Author Topic: Anyone successfully growing Chempejack or Jackedack in So-Cal?  (Read 949 times)

palingkecil

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Chempedak is my favorite childhood fruit after mangosteen, but after I killed several numbers of seedlings, I am moving on and want to try to grow chempejack or jackedak instead.

Top Tropicals is the only one certified to ship to California. They have this variety:
4692 Jackedak Cheena, Jackfruit x Chempedak (Artocarpus x integer)

However since they have minimum order of $200 to ship to Cali, plus another $120 shipping fee, this is not a cheap purchase and I want to know the odds of getting any fruit here in Los Angeles area. I am in Sun Valley, zone 10A.
Mangoe, lychee, and longan grow well here, but I have killed numerous amount of soursop, jackfruit and chempedak.

I am planning to put the Jackedak in the ground, next to the wall, a mango tree, and a pommegranate tree to shelter it from cold wind and gives it more 'micro climate' condition.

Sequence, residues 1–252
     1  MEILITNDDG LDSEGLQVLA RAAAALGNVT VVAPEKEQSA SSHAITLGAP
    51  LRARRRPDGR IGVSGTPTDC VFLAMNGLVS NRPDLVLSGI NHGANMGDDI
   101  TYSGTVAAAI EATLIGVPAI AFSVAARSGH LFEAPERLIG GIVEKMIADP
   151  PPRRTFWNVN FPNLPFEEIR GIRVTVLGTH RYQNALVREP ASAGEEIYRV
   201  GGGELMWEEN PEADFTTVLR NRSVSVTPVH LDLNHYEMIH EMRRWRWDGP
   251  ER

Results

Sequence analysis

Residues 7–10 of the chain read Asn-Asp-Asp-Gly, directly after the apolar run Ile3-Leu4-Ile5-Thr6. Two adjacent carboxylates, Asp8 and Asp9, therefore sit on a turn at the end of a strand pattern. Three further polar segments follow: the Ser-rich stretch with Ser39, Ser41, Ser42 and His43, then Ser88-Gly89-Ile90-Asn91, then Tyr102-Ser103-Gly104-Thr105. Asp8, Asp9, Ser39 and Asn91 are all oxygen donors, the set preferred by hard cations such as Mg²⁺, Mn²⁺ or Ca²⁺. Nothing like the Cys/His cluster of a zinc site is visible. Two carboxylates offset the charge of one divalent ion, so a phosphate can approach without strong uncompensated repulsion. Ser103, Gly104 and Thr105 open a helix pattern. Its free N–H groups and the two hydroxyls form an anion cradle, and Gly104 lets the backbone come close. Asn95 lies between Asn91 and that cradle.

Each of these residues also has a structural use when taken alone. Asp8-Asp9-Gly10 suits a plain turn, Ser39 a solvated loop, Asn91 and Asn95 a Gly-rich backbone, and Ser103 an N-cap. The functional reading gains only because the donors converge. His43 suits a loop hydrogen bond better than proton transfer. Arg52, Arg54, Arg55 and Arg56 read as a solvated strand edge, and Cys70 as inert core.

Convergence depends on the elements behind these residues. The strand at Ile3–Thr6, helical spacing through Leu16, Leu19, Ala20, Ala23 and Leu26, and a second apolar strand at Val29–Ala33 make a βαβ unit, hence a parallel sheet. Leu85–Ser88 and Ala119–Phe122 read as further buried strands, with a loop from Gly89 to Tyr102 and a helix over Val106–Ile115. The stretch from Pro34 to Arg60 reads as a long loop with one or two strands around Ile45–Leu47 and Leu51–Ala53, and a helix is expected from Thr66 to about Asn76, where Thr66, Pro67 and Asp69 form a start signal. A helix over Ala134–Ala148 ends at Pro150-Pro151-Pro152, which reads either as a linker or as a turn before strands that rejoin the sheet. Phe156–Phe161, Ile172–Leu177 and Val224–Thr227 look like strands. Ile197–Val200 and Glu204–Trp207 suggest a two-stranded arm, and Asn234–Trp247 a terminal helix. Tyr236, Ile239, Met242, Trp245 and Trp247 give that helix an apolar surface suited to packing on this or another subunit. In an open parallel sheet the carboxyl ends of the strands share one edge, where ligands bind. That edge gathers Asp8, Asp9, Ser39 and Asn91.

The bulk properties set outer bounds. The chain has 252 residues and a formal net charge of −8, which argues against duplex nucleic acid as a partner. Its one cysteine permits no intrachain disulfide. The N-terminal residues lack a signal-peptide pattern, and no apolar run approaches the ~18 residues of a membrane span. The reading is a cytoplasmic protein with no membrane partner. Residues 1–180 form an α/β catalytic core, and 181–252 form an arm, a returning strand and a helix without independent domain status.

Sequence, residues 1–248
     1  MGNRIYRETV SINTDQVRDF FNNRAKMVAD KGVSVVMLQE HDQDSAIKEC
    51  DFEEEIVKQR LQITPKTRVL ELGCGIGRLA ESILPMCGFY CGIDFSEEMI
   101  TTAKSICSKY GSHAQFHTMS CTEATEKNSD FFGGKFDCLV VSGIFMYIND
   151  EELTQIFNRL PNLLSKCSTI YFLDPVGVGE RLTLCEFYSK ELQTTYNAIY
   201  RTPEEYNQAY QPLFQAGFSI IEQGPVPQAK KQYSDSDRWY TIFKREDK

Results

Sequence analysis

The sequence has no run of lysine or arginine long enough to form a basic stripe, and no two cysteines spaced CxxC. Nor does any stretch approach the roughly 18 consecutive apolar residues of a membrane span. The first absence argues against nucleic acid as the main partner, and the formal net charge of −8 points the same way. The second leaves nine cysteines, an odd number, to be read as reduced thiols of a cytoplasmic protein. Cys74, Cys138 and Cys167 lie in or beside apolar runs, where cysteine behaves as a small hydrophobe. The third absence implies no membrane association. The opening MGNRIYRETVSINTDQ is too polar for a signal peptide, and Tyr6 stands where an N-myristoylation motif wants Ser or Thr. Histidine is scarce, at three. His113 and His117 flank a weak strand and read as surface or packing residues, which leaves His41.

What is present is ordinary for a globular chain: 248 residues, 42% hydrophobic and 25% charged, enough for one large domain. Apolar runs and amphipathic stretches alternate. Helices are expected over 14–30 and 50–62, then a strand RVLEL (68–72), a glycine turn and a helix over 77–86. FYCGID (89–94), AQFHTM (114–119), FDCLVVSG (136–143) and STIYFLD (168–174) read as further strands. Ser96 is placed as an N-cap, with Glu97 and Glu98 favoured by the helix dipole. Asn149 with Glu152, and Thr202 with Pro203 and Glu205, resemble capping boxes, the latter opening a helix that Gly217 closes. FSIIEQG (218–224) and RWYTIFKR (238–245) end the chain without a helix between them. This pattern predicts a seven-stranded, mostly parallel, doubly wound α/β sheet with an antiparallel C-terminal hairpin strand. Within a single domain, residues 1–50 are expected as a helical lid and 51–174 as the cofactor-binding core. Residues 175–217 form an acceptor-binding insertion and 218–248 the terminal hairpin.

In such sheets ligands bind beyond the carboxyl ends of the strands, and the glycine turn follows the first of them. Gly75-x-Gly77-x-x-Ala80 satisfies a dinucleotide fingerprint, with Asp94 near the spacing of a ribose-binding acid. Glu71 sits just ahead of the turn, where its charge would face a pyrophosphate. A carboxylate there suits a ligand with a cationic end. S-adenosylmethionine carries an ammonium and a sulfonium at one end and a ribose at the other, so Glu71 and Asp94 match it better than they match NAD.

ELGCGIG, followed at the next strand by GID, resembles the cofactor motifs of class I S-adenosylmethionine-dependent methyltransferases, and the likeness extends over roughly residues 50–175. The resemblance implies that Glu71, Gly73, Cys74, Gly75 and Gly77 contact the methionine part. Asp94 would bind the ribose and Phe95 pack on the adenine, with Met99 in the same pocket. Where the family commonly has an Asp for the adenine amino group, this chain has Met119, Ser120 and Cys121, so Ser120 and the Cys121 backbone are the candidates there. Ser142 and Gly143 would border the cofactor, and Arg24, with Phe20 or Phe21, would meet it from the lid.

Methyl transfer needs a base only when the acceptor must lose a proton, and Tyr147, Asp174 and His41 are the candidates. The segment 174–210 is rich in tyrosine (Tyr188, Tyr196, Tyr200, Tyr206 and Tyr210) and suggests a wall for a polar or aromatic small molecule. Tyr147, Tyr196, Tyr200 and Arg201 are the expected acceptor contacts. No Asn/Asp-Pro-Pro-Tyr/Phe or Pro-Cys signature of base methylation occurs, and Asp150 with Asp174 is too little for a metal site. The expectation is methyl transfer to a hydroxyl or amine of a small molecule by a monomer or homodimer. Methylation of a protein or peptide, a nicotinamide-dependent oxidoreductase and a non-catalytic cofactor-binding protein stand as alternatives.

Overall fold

Will anyone who has experience growing Jackedak or Chempejack in So-Cal please share here?

Thank you!


brian

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Re: Anyone successfully growing Chempejack or Jackedack in So-Cal?
« Reply #1 on: April 05, 2022, 01:46:59 PM »
I have a bunch of cheena seedlings growing.  My jackfruit and cheena grow like weeds, my champedaks died, kwai muk struggling, marang doing okay.  Not sure how a PA greenhouse compares to southern CA though.

I keep hearing mixed reviews, that cheena is great or that it is worse than jackfruit or champedak.  I'm trying to decide if I should plant one in ground or instead plant another artocarpus.  And also I hear that cheena and jackedak are different hybrids.

If you decide you want to try cheena I'll sell you one for much cheaper, PM me.  I don't believe there are any shipping restrictions from PA->CA for artocarpus.


« Last Edit: April 05, 2022, 02:01:15 PM by brian »

MasonG31

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Re: Anyone successfully growing Chempejack or Jackedack in So-Cal?
« Reply #2 on: April 05, 2022, 02:04:16 PM »
Hi PalingKecil,